This entry is in memory of my dear friend Tony Sanders, teacher of writing and exciting, difficult poet, whom I was speaking with on the phone about snow storms and friendly neighbors a couple of weeks ago and who died, I discovered just now, a couple of days ago.
Here is a passage from a prose poem called “No Can Don’t,” in his book Subject Matters: Prose Poems. You can find all his books on Amazon.com.
“…The older you get, the older you get. The irregular skyline, like a well-worn house key, says so. You are now the river, then the riverbed, then the river again with some remorse, since you never get used to opportunity, like a half-day of work or happenstance happening on a park bench known for drama, though you leave without so much as a faint ‘hello’ or the tip of a cap as you try to sort out the significance the line-breaks and syntax of your thoughts, while avoiding your fear of saying what was already obvious in the fingle-fangle of the moment the hero in the novel seizes upon. There would always be excuses and Acts of God you could Google like history or ask the Psychic, who saw your time was up and your wallet out.”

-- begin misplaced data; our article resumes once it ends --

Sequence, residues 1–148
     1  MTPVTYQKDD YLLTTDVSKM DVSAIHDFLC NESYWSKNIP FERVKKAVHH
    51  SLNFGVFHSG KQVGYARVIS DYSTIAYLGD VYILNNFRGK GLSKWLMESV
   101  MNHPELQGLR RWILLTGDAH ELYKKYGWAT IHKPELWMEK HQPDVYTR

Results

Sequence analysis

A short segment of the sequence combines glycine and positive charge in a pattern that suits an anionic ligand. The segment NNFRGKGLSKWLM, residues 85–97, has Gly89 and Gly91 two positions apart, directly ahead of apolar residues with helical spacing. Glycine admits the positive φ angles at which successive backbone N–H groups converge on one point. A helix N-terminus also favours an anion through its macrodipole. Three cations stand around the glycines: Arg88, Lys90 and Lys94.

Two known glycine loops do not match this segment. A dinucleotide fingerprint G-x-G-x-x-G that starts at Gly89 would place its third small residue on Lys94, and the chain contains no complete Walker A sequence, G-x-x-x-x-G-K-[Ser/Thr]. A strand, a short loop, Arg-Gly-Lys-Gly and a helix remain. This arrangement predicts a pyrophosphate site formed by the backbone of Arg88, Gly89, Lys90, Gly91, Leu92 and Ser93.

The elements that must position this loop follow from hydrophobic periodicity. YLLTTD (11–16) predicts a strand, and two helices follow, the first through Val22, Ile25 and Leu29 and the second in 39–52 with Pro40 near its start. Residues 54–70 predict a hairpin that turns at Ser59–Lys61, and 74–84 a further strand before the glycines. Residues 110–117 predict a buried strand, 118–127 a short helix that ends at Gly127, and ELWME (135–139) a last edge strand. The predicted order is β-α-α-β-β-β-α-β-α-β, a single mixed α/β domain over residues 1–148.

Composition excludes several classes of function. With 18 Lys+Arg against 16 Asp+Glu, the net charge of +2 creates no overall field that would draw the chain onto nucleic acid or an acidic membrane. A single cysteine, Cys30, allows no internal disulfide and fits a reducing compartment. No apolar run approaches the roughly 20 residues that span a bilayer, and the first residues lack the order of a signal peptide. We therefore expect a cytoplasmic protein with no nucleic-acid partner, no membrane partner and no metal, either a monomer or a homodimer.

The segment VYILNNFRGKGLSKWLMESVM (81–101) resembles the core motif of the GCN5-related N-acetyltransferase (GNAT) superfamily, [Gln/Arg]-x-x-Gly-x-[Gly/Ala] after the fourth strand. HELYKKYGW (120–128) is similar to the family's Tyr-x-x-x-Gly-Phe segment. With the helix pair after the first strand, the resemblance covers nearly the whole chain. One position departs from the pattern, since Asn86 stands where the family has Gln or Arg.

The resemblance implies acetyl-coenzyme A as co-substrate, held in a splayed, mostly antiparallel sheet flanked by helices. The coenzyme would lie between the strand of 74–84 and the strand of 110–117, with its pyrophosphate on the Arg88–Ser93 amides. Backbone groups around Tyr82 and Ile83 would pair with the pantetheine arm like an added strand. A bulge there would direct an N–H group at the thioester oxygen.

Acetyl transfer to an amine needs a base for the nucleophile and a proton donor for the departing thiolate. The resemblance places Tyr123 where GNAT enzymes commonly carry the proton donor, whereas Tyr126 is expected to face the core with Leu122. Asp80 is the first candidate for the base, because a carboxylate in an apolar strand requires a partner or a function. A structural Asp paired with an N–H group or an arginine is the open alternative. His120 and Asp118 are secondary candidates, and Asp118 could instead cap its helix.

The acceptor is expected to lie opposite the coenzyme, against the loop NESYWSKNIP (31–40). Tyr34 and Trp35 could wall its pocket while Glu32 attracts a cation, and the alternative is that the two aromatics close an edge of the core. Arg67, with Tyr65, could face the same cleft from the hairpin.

Back when we taught together and shared an office we would occasionally read our students’ astonishing or hilarious errors to one another. On the phone we would discuss politics, romance, favorite bands, bad jokes, late-night Law & Order reruns. On the phone he sometimes read me new poems. I remember when he read me this one.
The word’s the thing, my dear friends, and people who use it well are precious for that. And for many other things.